For most concept stores this would be impossibly open. Luckily for Smiley-Jones and Uhe, the two artists behind 50m’s first in-house editorial, the community-led retail space isn’t like most shops.
Opening two years ago in an empty 2242-square-foot warehouse in Eccleston Yard in chi-chi Belgravia, southwest London, 50m has built a name for itself round three core pillars: “creativity, community, inclusivity”.
Sticking up a middle finger at outdated wholesale models that choke London’s creative scene, 50m offers emerging designers a fairer return. Metre-long rails are available to rent from just £295 per month and, additionally, designers are given complete creative autonomy over what they stock and how they present their products. It’s a contemporary salute to west London’s Kensington Market, the seminal indoor space that helped nurture subculture after subculture from the 1960s until it’s closure in 2000.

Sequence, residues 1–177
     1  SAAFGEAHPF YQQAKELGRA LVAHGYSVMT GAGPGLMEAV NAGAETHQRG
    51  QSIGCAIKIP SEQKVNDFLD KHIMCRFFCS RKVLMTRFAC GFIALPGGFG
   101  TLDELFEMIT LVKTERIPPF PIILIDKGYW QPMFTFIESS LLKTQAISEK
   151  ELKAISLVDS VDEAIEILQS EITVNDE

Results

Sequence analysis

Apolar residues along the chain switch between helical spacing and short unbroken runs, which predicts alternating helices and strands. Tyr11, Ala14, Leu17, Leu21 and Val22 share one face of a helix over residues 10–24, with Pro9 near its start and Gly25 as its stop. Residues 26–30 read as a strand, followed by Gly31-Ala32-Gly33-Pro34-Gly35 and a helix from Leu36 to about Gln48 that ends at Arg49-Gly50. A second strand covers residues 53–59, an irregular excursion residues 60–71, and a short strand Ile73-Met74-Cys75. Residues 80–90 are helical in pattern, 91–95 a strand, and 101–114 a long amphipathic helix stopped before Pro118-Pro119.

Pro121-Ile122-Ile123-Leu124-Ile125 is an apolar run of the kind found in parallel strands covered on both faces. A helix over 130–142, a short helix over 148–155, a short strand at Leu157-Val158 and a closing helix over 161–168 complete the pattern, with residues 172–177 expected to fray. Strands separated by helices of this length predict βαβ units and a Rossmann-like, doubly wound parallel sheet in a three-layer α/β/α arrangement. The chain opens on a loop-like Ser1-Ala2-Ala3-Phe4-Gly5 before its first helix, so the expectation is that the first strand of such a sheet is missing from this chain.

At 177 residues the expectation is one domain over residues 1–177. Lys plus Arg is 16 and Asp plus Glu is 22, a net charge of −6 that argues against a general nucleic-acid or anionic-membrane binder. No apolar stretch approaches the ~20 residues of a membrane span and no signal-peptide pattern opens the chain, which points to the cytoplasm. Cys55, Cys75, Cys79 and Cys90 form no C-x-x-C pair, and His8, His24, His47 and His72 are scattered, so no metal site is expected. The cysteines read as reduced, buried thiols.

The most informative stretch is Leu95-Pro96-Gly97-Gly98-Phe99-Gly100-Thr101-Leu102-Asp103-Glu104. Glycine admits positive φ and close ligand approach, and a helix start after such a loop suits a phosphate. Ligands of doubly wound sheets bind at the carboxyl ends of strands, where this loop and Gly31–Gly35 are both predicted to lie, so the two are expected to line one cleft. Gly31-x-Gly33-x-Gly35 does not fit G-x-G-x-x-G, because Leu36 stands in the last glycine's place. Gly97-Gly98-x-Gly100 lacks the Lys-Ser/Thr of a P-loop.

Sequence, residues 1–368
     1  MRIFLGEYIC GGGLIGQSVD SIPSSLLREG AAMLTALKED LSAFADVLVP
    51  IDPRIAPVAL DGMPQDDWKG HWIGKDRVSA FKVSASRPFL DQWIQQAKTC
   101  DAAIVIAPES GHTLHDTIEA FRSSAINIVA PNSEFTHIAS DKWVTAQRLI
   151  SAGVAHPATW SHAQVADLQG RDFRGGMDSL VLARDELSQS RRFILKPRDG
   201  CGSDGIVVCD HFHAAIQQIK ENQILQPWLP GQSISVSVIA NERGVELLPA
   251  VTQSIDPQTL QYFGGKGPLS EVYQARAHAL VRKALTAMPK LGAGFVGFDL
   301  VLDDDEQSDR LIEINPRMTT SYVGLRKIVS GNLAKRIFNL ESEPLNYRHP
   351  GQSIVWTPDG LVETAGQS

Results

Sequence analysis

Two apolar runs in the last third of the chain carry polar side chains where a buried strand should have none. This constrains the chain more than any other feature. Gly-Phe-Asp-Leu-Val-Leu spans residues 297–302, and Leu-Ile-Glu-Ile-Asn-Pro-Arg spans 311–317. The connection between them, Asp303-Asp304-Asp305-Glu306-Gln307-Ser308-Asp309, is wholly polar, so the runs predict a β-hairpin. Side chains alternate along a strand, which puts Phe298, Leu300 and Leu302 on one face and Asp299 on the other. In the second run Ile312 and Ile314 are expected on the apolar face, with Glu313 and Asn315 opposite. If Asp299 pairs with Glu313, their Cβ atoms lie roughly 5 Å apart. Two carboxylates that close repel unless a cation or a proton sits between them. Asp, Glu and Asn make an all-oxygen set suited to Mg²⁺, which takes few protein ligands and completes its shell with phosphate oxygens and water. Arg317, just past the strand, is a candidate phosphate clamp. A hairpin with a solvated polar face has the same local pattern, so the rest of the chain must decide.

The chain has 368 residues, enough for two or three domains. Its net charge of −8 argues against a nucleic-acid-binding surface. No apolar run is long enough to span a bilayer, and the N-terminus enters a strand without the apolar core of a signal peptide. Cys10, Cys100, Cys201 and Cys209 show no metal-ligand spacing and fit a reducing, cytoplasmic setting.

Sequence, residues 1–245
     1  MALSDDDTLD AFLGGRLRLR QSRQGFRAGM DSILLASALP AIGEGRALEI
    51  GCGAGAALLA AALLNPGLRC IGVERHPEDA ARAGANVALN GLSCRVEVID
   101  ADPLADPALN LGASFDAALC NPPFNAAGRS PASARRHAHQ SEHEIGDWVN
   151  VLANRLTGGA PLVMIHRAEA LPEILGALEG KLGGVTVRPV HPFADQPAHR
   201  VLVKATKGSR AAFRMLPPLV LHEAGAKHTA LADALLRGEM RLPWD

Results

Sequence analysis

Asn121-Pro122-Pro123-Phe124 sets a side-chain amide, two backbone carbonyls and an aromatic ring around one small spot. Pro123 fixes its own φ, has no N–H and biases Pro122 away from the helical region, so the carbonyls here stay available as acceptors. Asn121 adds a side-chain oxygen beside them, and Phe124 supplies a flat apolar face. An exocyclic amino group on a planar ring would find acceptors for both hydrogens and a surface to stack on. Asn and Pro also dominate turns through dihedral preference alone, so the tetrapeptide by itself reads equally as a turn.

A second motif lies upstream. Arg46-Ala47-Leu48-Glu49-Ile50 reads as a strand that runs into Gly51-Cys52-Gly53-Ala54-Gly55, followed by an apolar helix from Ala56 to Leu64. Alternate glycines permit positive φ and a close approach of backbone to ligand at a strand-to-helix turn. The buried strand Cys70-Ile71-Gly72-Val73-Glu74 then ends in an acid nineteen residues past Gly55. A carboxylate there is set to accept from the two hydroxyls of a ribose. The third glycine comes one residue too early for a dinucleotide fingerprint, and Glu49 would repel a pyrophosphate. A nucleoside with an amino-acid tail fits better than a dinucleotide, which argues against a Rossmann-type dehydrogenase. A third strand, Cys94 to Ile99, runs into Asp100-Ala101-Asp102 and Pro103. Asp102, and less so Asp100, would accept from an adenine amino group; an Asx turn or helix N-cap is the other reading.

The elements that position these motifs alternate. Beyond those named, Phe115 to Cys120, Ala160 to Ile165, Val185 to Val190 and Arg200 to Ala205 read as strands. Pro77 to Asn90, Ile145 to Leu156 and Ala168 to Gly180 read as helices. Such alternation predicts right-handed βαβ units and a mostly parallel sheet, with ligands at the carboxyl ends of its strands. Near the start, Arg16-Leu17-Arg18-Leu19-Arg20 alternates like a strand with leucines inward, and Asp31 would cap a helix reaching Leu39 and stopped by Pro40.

But 50m’s bricks-and-mortar spot offers more than just cheap rent. The space also hosts weekly community events, from speed-dating with Hardeman-clad models to a week-long series of events honouring the 2019 Fashion Revolution, the global campaign calling for greater transparency in fashion supply chances.
Understandably, demand for rails is strong. Starting out with just 10 designers, the store now houses around 80 brands instore and online, including established names like Marques’Almeida and Daniel w. Fletcher as well as newer designers like Ed Curtis and Mila Sullivan.
“Everyone in our small team gets a say, as well as our interns,” explains Suen, a former warehouse party thrower, of the selection process. “Every week during our team meeting we all throw in suggestions of designers we like that we’ve spotted. We have a strong identity so it’s easy to know what fits.”
It was the most recent intake of design talent, however, that inspired co-founder Suen to commission their first lookbook shoot with Smiley-Jones and Uhe. Featuring the likes of surreal clothing cartoonist Curtis, pub-obsessed Welsh designer Adam Jones and loved-up denim designer Hardeman, the images are anchored round key themes including “sustainability, fun, diverse, diy, clashing, up-cycling, collaging, playful, youth”.
If anything embodies 50m’s disruptive spirit, it’s all of the above.
Check out the imagery, exclusive to The Face, below.